UN Child Rights Alternative Report

Convention on the Rights of the Child (CRC)

The Convention on the Rights of the Child (CRC) is a human rights treaty (agreement) related to the rights of children that was developed in 1989. Canada ratified (signed) the CRC on December 13, 1991. Since then, a number of laws, policies, and practices affecting children have advanced children’s rights to protection, development, and participation in decisions affecting their lives. Governments at all levels have the responsibility to provide and protect children’s Convention rights.

Every child in Canada and around the world from birth to 18 has rights. Rights are what you should have or be able to do to survive, thrive and meet your full potential. All rights are equally important and are connected to each other. You are born with these rights, and no one can take them away.

Reporting on the Convention on the Rights of the Child

Every country that has signed the CRC has to report to the Committee on the Rights of the Child on the progress it has made related to children’s rights and any difficulties they experienced. Countries must submit a first report to the Committee on the Rights of the Child two years after they have signed the Convention and it was approved in their country. After that, they must report to the Committee every five years. In July 2018, the Government of Canada will have to report to the Committee on the Rights of the Child; this report is called the periodic report. Countries must make this report accessible and promote it to the general public.

An individual, a group or an organization can also submit what is called an alternative report. The alternative report’s goal is to provide the Committee on the Rights of the Child with information that may not be included in the government’s report in order to provide another point of view. The alternative report can also include recommendations. For example, an alternative report can present observations or recommendations on the violations child rights that will help the Committee on the Rights of the Child better understand the situation in the country. This alternative report is usually written by community organizations and other non-governmental organizations that work with or for children and youth.

In Canada, the Canadian Coalition for the Rights of Children will be submitting the alternative report. Children and youth can be involved in this process. Stay tuned for more details on how you can get involved.

What is the Committee on the Rights of the Child?

The Committee on the Rights of the Child is made up of eighteen (18) child rights experts from around the world. The Committee monitors how countries are implementing the Convention on the Rights of the Child. It also monitors implementation of two Optional Protocols to the Convention: involvement of children in armed conflict and on the sale of children, child prostitution, and child pornography. Part of their job is to receive and review the periodic reports.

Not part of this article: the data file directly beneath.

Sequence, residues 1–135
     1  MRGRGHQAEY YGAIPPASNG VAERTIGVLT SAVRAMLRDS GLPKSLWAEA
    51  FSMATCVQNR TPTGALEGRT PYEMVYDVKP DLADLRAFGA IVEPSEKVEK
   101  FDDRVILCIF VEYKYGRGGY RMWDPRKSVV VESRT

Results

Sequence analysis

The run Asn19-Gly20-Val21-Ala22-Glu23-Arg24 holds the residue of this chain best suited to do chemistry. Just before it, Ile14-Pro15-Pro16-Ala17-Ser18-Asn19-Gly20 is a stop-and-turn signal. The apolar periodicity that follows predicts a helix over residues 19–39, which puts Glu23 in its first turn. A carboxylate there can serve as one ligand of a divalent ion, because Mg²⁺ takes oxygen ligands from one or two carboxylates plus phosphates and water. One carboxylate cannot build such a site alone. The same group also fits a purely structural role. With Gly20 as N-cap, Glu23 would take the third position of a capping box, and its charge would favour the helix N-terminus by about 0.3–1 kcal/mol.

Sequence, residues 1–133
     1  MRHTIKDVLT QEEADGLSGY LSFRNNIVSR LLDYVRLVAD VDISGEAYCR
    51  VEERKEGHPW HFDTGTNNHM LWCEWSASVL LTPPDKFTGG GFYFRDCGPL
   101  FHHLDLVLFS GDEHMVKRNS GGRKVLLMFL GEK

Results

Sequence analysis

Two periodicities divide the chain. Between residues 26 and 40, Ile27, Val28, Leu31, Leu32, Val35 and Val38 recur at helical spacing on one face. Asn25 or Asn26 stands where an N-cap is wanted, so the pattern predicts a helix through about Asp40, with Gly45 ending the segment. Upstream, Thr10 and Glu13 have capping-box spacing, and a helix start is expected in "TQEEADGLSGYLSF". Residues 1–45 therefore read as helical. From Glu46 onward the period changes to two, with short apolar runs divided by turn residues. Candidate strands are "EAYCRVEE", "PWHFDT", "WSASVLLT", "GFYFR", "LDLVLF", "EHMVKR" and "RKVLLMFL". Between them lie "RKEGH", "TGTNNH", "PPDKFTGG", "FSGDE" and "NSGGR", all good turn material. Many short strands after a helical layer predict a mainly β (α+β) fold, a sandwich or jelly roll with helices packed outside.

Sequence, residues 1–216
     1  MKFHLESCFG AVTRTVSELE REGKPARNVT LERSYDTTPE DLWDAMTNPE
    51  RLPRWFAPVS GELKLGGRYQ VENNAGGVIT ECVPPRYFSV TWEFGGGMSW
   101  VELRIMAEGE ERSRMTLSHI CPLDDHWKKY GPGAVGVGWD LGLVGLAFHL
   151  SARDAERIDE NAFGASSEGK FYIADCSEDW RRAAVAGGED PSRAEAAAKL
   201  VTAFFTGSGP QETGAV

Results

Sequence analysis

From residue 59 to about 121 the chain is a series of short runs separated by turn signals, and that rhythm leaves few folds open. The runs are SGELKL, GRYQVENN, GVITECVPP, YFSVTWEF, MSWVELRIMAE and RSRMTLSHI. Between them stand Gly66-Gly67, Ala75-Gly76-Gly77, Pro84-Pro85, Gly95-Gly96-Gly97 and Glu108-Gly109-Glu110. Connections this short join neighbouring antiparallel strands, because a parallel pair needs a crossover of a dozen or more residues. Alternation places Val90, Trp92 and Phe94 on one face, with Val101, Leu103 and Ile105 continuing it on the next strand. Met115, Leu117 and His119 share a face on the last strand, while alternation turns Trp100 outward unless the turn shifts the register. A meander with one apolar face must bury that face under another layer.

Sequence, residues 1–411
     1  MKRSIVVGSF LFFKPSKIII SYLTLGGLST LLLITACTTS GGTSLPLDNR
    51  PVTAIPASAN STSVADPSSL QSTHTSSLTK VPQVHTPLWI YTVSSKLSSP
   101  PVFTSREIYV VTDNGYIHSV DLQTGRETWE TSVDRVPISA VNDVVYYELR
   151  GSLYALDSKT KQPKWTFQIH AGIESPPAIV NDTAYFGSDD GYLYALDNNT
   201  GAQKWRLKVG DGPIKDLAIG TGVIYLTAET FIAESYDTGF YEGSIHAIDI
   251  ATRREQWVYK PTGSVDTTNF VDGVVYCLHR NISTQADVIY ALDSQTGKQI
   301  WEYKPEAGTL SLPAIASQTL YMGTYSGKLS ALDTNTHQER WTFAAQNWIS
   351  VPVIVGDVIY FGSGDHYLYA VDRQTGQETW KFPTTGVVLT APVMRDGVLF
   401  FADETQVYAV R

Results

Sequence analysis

Can children and youth participate in the periodic report or the alternative report?

Yes, the Convention clearly states that children and youth can participate and be heard on subjects that are important to them.

 Children can be involved at different stages of the reporting process. They can participate in both the periodic report and the alternative report.

  • Transparent and educational
  • Voluntary (children cannot be forced to participate)
  • Respectful of their opinions
  • Relevant to the issues that are important to them
  • Done in a child-friendly environment (taking into consideration their capacities)
  • Done in a safe matter (children may not be punished or penalized for having participated in the reporting mechanism)

What types of measures were recommended for Canada in previous reports?

What types of measures were recommended for Canada in previous reports?

  • That more information be given to children and adults about the Convention on the Rights of the Child
  • That mechanisms be put in place to better acknowledge the best interest of a child and allow them to be heard and participate in the decision-making processes
  • That effective measures be put in place for children that need to be placed outside of their home, to preserve their identity and culture, especially Indigenous children
  • That children be protected against all sort of violence, including all sorts of physical punishment
  • That children with disabilities should not be forced to attend special schools and have all the necessary services to attend school with other children
  • That more resources be developed to prevent suicide among children and youth

If you want to learn more about the reporting process and the Convention on the Rights of the Child, here are a few links

 http://crcreporting.childrightsconnect.org/

https://www.humanium.org/en/convention/committee-competences/

 

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